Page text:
Analysis by CompData finds that the average annual turnover rate of employees across all industries in the US is about 15%. Industries that have the highest annual job turnover rate are: hospitality (29%), banking / finance (17%) and healthcare (17%). Meanwhile, industries with the lowest annual employee turnover rates are: utilities (7%), insurance (10%) and manufacturing / distribution (13%).
We bring up the subject of jobs because last Friday's employment report beat the most optimistic expectations and represented the most solid growth in several years. In addition to 321K new jobs added during the month of Nov, there was an upwards revision to the previous 2 months of yet another 44K. While the economic picture ahead is not all wine and roses, there was good news throughout the report and it went well beyond the number of additional jobs. There was a good gain in hourly earnings (by 0.4%, double economists' expectations of 0.2%) and this was the largest improvement seen since Jun of 2013. The number of hours worked also ticked up. For the year, employment gains are shaping up to be the best in 15Ys, assuming Dec follows suit. In 2014 so far, the economy has added 2.65mm jobs, an average of about 241K a month. For 10 straight months the economy has added at least 200K and this hasn't occurred since 1994.
That is the good news, but plenty of concerns also remain - the participation rate sits at a low level and there are still many people working part time for economic reasons. The number of part-time workers who would rather be working full-time fell by 200K, but it still remains a whopping 6.7mm. In addition, the number of long-term unemployed fell by 101K to 2.8mm. If upcoming data releases continue to support these levels, this is perhaps the point where the US labor market shifts out of recovery mode and returns to a more normal state of health.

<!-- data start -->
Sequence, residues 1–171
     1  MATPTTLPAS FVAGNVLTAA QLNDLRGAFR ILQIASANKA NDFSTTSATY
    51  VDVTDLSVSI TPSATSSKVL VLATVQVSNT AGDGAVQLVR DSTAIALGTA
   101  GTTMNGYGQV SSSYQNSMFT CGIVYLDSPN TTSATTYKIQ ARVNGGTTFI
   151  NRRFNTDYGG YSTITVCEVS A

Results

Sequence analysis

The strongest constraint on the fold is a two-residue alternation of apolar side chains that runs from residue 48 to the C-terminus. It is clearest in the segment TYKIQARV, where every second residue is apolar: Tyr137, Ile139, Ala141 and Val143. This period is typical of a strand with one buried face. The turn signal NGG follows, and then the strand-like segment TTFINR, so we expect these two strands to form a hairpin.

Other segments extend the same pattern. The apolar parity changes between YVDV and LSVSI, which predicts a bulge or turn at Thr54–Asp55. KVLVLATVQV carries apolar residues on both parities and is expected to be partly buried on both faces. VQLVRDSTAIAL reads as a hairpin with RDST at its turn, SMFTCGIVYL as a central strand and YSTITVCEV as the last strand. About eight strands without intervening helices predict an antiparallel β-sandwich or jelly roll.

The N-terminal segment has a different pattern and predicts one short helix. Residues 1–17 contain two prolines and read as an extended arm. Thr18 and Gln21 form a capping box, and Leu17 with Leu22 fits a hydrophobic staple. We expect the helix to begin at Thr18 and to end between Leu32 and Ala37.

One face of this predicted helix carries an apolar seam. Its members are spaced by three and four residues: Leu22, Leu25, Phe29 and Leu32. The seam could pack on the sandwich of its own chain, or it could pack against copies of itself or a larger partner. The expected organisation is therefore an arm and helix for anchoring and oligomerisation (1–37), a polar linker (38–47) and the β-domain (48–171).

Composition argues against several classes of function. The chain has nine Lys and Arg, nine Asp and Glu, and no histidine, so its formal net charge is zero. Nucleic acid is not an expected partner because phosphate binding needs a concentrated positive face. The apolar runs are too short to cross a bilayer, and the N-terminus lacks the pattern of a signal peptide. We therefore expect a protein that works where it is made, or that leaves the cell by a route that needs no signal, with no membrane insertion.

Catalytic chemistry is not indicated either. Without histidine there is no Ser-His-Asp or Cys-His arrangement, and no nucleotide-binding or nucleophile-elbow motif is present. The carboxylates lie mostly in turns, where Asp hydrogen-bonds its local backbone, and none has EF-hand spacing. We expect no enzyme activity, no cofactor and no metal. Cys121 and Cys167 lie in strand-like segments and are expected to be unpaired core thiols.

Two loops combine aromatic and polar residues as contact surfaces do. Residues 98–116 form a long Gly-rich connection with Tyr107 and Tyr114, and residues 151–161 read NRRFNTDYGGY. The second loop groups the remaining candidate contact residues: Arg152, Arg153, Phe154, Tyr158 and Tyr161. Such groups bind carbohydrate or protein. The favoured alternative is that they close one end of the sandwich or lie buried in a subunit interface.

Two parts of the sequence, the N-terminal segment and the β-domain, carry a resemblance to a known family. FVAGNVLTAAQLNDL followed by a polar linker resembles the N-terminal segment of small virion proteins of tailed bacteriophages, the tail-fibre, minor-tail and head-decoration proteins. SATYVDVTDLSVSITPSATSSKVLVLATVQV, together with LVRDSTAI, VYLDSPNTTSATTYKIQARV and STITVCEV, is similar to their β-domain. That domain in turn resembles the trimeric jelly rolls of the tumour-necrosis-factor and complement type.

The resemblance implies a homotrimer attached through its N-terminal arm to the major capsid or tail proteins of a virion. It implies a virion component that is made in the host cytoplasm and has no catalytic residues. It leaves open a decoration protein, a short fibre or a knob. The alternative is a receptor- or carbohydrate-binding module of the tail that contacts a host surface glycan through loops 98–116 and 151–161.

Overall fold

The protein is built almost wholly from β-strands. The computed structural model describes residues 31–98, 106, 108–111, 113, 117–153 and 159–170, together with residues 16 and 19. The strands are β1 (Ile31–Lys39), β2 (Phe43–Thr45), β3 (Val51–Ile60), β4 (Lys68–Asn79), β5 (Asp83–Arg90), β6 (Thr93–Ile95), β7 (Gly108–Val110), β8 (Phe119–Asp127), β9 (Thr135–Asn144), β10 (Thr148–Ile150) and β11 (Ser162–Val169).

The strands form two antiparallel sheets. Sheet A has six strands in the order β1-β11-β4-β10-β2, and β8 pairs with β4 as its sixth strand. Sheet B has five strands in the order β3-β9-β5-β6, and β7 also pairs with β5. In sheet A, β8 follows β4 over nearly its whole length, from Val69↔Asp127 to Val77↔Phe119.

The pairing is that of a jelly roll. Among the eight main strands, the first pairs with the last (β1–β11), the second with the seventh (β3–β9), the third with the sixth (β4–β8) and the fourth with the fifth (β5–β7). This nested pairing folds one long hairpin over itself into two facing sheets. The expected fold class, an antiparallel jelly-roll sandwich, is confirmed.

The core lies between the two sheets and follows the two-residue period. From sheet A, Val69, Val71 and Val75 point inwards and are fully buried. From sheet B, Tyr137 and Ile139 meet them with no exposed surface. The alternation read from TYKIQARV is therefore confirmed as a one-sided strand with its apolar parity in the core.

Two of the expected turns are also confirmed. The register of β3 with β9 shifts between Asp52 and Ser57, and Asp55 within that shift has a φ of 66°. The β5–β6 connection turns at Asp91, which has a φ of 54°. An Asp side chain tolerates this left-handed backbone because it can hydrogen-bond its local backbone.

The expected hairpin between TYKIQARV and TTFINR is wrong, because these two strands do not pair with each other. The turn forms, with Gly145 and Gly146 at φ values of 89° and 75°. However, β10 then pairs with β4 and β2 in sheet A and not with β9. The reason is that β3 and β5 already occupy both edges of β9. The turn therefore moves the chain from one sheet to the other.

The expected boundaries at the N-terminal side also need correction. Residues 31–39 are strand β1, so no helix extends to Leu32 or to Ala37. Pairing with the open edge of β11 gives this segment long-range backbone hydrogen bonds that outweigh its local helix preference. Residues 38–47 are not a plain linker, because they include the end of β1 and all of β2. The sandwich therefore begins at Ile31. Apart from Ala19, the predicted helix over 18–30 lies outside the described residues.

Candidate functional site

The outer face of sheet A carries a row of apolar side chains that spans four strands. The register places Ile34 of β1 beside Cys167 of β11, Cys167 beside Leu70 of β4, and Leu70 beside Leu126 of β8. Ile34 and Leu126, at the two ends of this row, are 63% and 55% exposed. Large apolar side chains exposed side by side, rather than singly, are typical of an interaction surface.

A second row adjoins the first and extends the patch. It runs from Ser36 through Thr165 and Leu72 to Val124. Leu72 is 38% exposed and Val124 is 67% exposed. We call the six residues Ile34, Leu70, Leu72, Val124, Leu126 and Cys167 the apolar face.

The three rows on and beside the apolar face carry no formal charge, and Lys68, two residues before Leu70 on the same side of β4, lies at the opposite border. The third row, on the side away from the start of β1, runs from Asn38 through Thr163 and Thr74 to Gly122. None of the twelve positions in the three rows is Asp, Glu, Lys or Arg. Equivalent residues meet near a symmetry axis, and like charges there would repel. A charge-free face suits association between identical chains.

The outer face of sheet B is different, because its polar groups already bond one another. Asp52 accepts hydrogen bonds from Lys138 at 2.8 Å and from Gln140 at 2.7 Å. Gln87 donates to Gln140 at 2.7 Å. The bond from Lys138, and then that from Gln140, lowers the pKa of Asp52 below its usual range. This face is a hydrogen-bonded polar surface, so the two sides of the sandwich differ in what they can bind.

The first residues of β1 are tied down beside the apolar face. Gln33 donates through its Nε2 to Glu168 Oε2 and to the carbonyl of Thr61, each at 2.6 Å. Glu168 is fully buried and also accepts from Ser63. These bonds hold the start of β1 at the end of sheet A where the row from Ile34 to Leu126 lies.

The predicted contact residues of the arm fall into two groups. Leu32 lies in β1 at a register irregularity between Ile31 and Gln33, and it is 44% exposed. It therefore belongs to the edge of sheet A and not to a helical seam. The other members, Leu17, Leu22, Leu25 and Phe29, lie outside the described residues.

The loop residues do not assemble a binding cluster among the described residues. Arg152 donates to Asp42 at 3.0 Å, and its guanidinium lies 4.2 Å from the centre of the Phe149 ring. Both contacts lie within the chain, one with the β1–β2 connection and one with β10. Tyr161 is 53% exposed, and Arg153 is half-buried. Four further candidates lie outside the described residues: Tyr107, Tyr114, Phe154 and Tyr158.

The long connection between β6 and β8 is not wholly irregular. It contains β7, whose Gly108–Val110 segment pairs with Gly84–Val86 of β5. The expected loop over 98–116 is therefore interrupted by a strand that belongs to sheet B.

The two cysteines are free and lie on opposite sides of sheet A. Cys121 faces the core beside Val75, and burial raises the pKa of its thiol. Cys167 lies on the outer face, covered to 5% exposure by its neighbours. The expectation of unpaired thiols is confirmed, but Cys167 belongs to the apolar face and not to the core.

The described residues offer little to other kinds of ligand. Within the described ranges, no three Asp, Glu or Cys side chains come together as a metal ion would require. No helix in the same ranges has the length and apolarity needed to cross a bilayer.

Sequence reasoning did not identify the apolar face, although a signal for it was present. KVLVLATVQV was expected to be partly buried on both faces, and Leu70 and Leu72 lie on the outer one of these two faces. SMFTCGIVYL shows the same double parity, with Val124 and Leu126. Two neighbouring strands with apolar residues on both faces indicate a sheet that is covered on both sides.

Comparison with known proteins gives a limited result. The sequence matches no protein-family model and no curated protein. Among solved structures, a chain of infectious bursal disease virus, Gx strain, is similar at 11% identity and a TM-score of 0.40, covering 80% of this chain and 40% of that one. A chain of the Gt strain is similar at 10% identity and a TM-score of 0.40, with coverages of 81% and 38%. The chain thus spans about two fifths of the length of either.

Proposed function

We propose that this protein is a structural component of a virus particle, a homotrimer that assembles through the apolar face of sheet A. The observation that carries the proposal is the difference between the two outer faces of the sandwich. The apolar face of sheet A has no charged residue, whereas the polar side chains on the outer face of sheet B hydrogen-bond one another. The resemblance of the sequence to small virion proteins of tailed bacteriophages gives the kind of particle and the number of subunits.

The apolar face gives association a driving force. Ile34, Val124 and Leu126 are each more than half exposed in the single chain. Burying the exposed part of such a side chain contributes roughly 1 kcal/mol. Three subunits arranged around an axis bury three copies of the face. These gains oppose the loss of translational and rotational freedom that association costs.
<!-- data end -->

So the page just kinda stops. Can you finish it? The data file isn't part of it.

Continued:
This positive report offered a breath of fresh air to the worldwide financial markets in that it came out the same day as a sour report from the German Bundesbank (which halved the forecast for German growth for the next year to only 1%). While the US economic recovery has often seemed less than robust, the Euro zone has experienced a great deal of trouble in pulling itself out of the basement. This better picture of employment in the US also comes at a time when consumers have a bit more money in their pockets, thanks to the drop in global oil prices. It seems likely that the US consumer will become the major economic driver for the rest of the world for a while.
Among the data, there are opportunities for community bankers. To explore them, let's take a closer look at the sectors that showed the most improvement. The goods-producing industries, like construction and manufacturing, added 48K positions, up from 28K the previous month. The improvement in construction jobs (20K vs. 7K the month before) is especially important because this industry has lagged other areas of the economy. Not only is improvement in these industries important, but these jobs tend to be higher paying positions, which is no doubt a part of the improvement in hourly earnings.
Past months have also seen the highest percentage of added jobs in the leisure, hospitality and retail industries. We know these are generally less lucrative jobs, but the quantity of retail jobs in this past report was also worthy of note. There was an increase of 50K retail positions, which even taking into account seasonal factors like holiday shopping, is twice the average monthly gain of 22K that was the norm last year. Hopefully this all translates to more traffic in your bank's CRE properties and more prosperity for your business customers in general.
We will wait for several quarters of data to support the premise that the labor market is finally returning to a more normal pace, but more jobs coupled with cheaper gas and heat for the winter should translate to happier holidays for everyone.